State fishing licences expire later this month. And as people look forward to spring fishing season, DNR officials say they are helping Walleye populations one generation at a time.
Starting around March 23, plans are to go out on the Muskegon River on a so-called electro-fishing boat in Newaygo County.
They said they stun wild fish, collect eggs, and fertilize the eggs by hand.
Scott Heintzelman is is the Central Lake Michigan Unit Manager of the Fisheries Division with the DNR. He said the DNR prefers to help Walleye in this way, instead of captive breed-and-release methods.
“You may have fish that come from stray from another river system and so there’s a genetic benefit to using wild brood stock versus a captive broodstock where you’re just working with the same genetics year after year,” Heintzelman said.
He said people out on the river, near the Croton dam, often stop to watch.
“Because other activities, steelhead fishing and trout fishing and some of these things, are going on, there’ll be a lot of people around the area that are planning on fishing. And if they see that going on they typically hang around and like to see how we do that part of our job,” He said.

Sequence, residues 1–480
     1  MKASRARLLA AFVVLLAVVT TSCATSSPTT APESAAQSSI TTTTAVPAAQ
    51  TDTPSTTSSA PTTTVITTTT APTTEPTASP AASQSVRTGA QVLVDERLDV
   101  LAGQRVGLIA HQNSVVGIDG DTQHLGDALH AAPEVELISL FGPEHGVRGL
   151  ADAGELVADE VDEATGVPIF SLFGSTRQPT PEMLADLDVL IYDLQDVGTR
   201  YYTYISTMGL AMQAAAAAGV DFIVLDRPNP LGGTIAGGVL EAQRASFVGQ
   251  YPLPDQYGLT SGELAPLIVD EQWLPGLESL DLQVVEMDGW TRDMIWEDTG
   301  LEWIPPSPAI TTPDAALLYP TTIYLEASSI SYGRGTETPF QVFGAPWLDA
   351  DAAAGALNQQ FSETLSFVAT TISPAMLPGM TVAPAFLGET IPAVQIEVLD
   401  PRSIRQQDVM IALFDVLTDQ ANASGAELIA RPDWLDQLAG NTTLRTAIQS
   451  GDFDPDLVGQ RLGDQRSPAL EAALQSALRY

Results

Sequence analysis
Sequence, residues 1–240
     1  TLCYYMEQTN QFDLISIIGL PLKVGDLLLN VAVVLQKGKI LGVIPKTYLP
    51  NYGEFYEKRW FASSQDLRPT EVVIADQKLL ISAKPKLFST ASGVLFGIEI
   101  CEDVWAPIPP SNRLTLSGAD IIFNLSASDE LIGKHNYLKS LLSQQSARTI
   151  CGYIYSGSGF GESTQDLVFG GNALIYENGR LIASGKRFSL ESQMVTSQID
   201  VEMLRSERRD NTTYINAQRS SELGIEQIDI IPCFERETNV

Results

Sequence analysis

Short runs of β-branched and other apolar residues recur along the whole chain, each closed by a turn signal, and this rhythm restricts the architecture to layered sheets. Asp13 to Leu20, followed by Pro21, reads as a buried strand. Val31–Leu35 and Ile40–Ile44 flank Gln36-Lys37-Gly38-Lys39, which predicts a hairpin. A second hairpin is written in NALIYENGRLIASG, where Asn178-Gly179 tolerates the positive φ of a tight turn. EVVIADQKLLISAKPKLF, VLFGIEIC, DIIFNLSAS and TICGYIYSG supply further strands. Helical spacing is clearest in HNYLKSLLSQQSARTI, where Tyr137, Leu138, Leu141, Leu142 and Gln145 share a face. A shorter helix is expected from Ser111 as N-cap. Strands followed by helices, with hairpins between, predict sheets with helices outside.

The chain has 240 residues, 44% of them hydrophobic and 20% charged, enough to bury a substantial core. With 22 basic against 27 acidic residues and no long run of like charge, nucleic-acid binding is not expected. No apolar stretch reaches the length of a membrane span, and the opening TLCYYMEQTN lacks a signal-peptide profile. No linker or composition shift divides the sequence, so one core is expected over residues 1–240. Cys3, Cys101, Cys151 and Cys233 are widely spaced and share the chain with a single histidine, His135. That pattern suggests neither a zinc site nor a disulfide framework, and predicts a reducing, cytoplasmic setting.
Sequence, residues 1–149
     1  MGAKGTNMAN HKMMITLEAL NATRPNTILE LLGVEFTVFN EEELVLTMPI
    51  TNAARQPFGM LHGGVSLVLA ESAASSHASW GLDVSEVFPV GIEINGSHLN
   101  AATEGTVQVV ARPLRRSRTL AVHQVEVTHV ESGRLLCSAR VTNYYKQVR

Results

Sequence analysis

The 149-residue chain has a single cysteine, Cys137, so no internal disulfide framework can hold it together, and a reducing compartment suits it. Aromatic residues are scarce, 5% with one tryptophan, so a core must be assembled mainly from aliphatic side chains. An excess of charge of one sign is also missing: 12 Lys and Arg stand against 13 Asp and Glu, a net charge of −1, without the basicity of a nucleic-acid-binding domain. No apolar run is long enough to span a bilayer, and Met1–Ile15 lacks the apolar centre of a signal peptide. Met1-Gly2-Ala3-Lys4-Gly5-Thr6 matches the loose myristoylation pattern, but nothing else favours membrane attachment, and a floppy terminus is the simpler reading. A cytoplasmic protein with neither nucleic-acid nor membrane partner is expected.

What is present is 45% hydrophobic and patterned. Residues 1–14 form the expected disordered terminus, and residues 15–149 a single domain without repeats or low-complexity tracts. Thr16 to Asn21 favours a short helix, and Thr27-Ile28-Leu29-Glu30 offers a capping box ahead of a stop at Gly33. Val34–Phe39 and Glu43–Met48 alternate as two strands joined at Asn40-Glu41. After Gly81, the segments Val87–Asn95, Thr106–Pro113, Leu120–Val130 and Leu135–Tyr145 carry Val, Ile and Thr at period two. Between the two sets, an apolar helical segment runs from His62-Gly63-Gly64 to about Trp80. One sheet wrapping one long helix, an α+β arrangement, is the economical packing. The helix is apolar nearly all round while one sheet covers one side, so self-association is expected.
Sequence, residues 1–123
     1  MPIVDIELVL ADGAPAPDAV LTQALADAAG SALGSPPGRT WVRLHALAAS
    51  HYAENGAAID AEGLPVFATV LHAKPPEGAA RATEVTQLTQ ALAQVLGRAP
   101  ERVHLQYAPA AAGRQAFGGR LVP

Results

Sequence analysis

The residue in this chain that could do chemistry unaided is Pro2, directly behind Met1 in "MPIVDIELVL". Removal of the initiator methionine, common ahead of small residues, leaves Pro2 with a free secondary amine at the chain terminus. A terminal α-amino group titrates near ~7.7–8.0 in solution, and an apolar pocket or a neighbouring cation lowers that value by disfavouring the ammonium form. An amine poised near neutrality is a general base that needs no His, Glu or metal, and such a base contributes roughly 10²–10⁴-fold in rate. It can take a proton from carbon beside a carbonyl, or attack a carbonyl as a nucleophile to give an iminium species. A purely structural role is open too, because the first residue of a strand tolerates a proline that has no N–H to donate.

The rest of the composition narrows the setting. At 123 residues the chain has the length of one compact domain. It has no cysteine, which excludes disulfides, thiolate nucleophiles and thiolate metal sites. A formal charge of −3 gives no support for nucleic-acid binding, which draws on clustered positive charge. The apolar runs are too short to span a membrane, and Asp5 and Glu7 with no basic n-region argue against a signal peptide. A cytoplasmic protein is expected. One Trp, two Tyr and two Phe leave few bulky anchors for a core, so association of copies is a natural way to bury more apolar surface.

Heintzelman said this gives residents a better idea of part of what the DNR does.
“People that show up when the process is going on will see the boats working and they’ll see the other staff working on the shoreline taking eggs and recovering fish and letting them go and the fertilization process and all of that,” Heintzelman said.
Heintzelman said while the egg collection process draws attention it also temporarily disrupts fishing below the Croton Dam. He said the DNR uses similar methods with steelhead and muskie in other parts of the state.